If any of you are interested in the design details of my homebrew
3 element 40M Yagis, I'll be pleased to share them. They are big,
heavy and require a prop-pitch or an equivalent large rotator. They
designed to withstand 100+ MPH winds or several inches of radial ice with
less wind. All of the materials are readily available, nothing fancy.
Construction and installation require substantial labor but no special
skills. My 40M beams have been installed for 25 years, and survived all
but the 120 MPH wind shear event in 1994. Even in that case the 3 element
40M Yagis were repaired and back in operation after only brief repairs.
Serious inquiries only please...
---------- Forwarded message ----------
Date: Wed, 11 Dec 1996 10:22:58 -0500
Subject: Re: Suggestions, 3 ele 40M Beams?
In a message dated 96-12-11 06:57:26 EST, you write:
>I am looking for suggestions for a commercailly available 3 element 40 Meter
>beam. Has anyone out there used the Hygain ? Is it any good ? Any comments
>suggestions will be appreciated.
Hi, Rick --
Sounds like you're looking at linear loaded antennas. They (KLM, M2,
Force 12, Hy-Gain) all have their limitations. The Force 12 version is the
only one that has been designed in the era of computer modeling (sorry to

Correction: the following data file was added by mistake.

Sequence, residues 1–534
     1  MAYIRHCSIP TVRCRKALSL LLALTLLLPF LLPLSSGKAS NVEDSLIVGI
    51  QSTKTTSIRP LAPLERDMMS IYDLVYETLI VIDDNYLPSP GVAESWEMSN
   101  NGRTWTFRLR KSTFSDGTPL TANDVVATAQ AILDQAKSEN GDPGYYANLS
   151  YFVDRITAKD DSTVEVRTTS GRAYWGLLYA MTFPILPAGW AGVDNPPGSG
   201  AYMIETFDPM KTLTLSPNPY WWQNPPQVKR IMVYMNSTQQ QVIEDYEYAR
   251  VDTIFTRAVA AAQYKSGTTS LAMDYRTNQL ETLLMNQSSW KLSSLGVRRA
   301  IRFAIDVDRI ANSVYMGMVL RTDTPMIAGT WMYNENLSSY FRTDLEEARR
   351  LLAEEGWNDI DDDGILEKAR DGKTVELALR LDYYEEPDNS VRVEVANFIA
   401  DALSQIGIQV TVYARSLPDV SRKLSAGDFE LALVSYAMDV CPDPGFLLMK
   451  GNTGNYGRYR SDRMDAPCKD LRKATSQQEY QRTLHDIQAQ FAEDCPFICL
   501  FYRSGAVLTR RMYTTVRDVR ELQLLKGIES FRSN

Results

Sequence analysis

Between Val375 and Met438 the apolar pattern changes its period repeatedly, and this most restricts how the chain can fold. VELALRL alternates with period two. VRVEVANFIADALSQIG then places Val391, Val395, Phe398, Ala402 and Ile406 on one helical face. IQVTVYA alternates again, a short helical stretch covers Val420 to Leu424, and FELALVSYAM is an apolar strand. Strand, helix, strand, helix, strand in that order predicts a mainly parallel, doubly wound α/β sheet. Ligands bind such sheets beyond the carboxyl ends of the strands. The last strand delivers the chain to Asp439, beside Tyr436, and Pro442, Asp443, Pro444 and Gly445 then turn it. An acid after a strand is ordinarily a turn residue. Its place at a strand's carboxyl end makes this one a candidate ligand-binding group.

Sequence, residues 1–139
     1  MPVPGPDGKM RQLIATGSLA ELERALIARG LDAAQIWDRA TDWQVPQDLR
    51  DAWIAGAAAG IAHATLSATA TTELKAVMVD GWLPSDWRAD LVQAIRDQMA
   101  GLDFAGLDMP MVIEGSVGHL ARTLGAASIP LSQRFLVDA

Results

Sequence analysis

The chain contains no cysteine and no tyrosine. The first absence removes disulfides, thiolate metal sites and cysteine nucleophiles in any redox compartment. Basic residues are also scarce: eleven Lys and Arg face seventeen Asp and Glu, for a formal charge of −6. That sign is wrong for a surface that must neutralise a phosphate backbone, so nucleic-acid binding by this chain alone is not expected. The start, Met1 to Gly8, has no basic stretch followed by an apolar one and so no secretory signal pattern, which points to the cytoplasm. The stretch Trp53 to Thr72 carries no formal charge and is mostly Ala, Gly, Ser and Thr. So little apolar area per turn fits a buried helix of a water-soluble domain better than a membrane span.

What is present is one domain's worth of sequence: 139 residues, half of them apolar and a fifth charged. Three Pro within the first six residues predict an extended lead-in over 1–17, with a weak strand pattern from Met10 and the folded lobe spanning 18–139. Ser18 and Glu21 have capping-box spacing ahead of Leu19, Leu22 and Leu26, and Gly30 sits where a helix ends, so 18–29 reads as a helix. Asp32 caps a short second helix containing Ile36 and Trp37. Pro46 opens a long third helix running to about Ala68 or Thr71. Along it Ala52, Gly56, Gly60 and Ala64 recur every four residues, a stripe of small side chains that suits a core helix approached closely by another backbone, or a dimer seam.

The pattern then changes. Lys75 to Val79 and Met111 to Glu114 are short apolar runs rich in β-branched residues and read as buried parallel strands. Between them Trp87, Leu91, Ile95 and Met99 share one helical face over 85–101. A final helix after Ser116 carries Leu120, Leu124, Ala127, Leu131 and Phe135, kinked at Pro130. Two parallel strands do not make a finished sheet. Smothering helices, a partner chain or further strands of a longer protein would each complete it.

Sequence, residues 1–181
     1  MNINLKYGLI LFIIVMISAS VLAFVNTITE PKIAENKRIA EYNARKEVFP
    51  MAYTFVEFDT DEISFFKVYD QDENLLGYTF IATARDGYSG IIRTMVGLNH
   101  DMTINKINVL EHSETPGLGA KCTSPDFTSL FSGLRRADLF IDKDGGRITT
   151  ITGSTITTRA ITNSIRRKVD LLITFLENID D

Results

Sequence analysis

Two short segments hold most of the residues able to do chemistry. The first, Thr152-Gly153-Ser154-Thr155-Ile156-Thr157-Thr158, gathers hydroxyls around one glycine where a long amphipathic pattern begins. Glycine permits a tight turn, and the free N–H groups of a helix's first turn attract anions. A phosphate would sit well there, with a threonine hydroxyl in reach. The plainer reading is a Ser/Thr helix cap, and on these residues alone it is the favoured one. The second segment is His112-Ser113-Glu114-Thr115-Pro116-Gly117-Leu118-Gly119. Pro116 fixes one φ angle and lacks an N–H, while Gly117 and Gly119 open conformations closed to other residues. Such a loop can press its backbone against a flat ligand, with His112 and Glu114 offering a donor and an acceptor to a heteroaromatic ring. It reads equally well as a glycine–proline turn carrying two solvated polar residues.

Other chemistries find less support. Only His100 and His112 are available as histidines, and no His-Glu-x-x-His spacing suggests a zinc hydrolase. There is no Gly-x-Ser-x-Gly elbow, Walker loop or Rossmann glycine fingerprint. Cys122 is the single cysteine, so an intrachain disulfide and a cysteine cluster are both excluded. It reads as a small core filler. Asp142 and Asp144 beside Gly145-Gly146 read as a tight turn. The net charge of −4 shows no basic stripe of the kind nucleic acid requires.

Mike, K6MYC, if this isn't true). And Tom Schiller, N6BT, being a clever
antenna designer, I would suspect that its performance might have a slight
edge on the other antennas.
The Hy-Gain hasn't captured the hearts or pocketbooks of competitve
amateurs so that sort of speaks for itself.
I've owned the 2L and 4L KLM's and am happy to be rid of them. They are
mechanically fragile and I never did feel that they worked as impressively as
I'm now using a Cushcraft 402CD and am much happier with it than the 4L
KLM. It is more reliable and works almost as well.
If you want smash on 40M and you don't want to go to the cost and hassle
of a full-sized 40M yagi, here's a couple of scenarios that I would suggest.
1) Design and build a full-sized 2L beam. Pretty efficient and the
mechanical construction is reasonable. Call Texas Towers for raw aluminum.
2) Add a director to the 402CD. You'll need a new boom but again the
mechanical problems are pretty straightforward.
3. Put up a 2-stack of 402CDs. In the final analysis, you get around the
same amount of gain that you'd have with a full-sized 3L for a fraction of
the cost. You can even turn them with Ham IV's. Plus your overall takeoff
angle will be lower due to the stacking effect.
BTW, a better place to post this questions would be TowerTalk - the tower
and HF antenna reflector. Send a message to email@example.com with
subscribe in the message and you'll be all set. See you there.
73, Steve K7LXC
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